been in pretty much every project I’ve made, and Anthony Herrera (Kug)
was someone I met in college and worked on a lot of sketch comedy with.
One funny thing that happened - so we had cast
Kubble when she was a much smaller role, then we recorded the vocal track
before shooting. But after the recording we decided to add the
“Kubble’s Night Out” segment - full of uncast roles and a lot more
lines for Kubble. So our producer, DP, gaffer and I went and recorded a
temp version of that vocal track so that the puppeteers would have
something to play off of. Well it turns out that in the meantime the
actress who played Kubble had moved to Atlanta and couldn’t come in to
record the rest of the lines. Everyone loved our DP (Sean Hardaway)’s
Kubble so much that we decided to have him take a pass at the whole
character. He’s not a singer - and Pearl is exceptional - so we left her
song in, but all the other voice work on that character was done by Sean.
What can you tell
us about the shoot as such, and the on-set atmosphere?
on-set atmosphere was really fantastic. The key creative team was all
really insistent that the set be fun. I think it comes across in the
movie, too. There’s a theory that we talked about - that basically…
say there’s $100,000 of unavoidable costs in your movie. Well if you
plan to spend $110,000 - the extra bit on unnecessary amenities - everyone
feels taken care of and does better work and feels better. Why not spend
the extra money?
$64-question of course, where can your movie be seen?
working on that! Hopefully it’ll be out there in the world for private
home viewing soon, but in the meantime if you “like” us on Facebook
then we’ll update you on where it’s screening and how you can get your
hands on it.
you can tell us about audience and critical reception of Gutboy:
A Badtime Story yet?
is very divisive -
either you love it or you hate it. Regardless, people usually have
something to say! It seems to do well with young people, drugs people,
weirdos, and do poorly with the uh… classically-minded.
Any future projects you'd
like to share?
Somehow, no! I’ve got a bunch of projects
in very early stages of development, and we’re trying to see if any of
them can take off… but there’s nothing ready to talk about yet.
What got you into filmmaking in the first
place, and did you receive any formal training on the subject?
dad is an actor, and he got me started in theater & performing at a
pretty young age. We had a narrative radio show - The Night Bright Kids
Club - on a few radio stations in Texas when I was a kid. As soon as
it was offered I jumped into the theater program at my school. Then in
high school I shifted focus to filmmaking because I wasn’t gelling as
well with the theater program there… then I majored in
Radio-Television-Film at the University of Texas and moved to New York to
can you tell us about your filmwork prior to Gutboy:
A Badtime Story?
Prior to Gutboy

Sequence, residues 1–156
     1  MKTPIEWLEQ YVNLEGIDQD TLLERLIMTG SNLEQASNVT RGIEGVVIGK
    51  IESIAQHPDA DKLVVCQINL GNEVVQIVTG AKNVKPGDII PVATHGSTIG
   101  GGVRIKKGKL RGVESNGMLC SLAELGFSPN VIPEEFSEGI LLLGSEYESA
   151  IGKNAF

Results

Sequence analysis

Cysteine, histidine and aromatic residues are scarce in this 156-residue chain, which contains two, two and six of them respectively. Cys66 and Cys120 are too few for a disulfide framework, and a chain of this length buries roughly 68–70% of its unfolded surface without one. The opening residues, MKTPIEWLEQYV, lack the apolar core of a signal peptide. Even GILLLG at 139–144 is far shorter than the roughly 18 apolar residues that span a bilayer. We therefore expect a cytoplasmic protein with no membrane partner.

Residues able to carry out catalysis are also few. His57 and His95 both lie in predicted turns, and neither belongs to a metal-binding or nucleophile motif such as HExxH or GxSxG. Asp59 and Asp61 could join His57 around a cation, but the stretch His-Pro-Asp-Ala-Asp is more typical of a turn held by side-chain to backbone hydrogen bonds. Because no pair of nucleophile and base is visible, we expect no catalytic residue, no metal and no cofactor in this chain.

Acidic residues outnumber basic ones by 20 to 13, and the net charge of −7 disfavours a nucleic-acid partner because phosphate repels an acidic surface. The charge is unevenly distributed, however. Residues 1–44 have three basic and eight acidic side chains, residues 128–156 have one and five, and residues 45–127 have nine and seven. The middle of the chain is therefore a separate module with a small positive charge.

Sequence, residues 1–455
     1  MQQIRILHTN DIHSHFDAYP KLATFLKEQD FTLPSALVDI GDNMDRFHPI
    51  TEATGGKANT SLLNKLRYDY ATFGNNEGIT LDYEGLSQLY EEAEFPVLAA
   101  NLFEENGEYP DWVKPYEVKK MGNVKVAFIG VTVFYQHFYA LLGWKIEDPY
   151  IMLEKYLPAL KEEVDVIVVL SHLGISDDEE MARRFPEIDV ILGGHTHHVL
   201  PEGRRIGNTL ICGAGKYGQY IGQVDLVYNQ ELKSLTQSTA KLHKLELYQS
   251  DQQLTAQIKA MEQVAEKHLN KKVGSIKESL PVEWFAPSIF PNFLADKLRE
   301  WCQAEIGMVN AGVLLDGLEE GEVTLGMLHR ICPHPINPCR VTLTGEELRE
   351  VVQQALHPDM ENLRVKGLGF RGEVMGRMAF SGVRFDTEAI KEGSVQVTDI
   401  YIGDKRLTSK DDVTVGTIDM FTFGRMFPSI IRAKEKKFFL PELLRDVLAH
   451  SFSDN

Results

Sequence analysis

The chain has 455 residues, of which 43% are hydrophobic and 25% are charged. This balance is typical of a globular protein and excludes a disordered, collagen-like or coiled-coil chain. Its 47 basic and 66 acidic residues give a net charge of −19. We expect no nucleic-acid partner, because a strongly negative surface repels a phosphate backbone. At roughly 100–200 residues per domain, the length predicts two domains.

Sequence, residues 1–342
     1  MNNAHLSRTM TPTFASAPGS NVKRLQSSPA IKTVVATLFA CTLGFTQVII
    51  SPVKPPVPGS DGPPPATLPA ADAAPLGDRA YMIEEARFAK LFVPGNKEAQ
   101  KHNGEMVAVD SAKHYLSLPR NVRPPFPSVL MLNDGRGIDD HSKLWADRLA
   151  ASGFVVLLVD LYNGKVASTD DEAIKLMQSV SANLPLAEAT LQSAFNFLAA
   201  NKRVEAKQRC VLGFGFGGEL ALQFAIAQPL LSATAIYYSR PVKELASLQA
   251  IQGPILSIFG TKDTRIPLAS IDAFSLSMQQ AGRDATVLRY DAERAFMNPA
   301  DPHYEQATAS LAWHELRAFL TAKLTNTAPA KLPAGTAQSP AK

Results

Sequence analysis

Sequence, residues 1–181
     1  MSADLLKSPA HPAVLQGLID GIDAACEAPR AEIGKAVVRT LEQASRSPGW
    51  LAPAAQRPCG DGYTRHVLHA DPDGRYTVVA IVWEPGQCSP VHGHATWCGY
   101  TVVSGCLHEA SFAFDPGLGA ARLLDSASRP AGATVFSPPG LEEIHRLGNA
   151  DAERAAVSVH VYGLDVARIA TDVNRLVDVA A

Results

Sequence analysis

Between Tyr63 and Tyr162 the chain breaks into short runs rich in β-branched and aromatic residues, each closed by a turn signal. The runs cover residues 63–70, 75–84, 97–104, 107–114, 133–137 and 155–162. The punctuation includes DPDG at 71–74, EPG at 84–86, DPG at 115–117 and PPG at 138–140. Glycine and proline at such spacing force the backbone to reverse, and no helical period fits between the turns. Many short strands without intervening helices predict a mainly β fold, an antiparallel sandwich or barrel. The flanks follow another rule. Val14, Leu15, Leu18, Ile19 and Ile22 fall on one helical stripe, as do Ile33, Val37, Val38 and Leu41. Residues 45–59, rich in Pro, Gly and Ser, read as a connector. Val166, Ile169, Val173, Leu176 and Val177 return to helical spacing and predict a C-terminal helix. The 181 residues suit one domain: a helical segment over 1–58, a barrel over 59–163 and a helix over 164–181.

- in high school I
made a number of shorts, and in college I made some class projects and
sketch comedy. When I moved to New York I started working in infomercials,
and eventually became a production manager with an infomercial company,
which is what I was doing when I took off for Gutboy.
How would you describe yourself
as a director?
I try to get people pumped, and help them to
a place where they’re willing to be themselves and make bold choices. I
think generally directors have a small sphere where they have direct
creative involvement, and the much larger sphere where they just have to
try to hire good people and get those people the support they need. My
skills generally run: Writing > Performance > Art Direction >
Camera Movement/Placement > Editing > Sound Mix > Music. I’m
trying to learn more about audio, but luckily our very talented cinematographer /
editor Sean Hardaway is great at that, and Cormac is a
Filmmakers who inspire you?
think the best filmmaker of all time is Andrzej Zulawski. His achievements
in terms of vigor are herculean. Whenever I watch a movie of his I come
away buzzing. I also get a big charge out of Werner Herzog, David Lynch,
Derek Jarman, Aki Kaurismaki, Jan Svankmajer, the Marx
Stillman… I could go on all day! I love movies.
Ah, I have a list for this ready!
is a great website. My four favorite movies are: Devil (Andrzej
Zulawski’s, not Shyamalan’s!), Daisies, Duck
Soup, and Gremlins 2. The
attitudes of Daisies and Gremlins 2 had a lot to do with Gutboy.
... and of course, films you really
Feeling lucky ?
any of my partnershops yourself
for more, better results ?
The links below
will take you
I like to imagine a rather elaborate infernal
punishment for Signs. And outright racist movies like Birth of a
Nation or Triumph of the Will deserve contempt without caveat.
Your/your movie's website, Facebook, whatever
Anything else you're dying to mention and I have
merely forgotten to ask?
Thanks to everyone who worked on Gutboy, & thanks to you for having me here!
Thanks for the interview!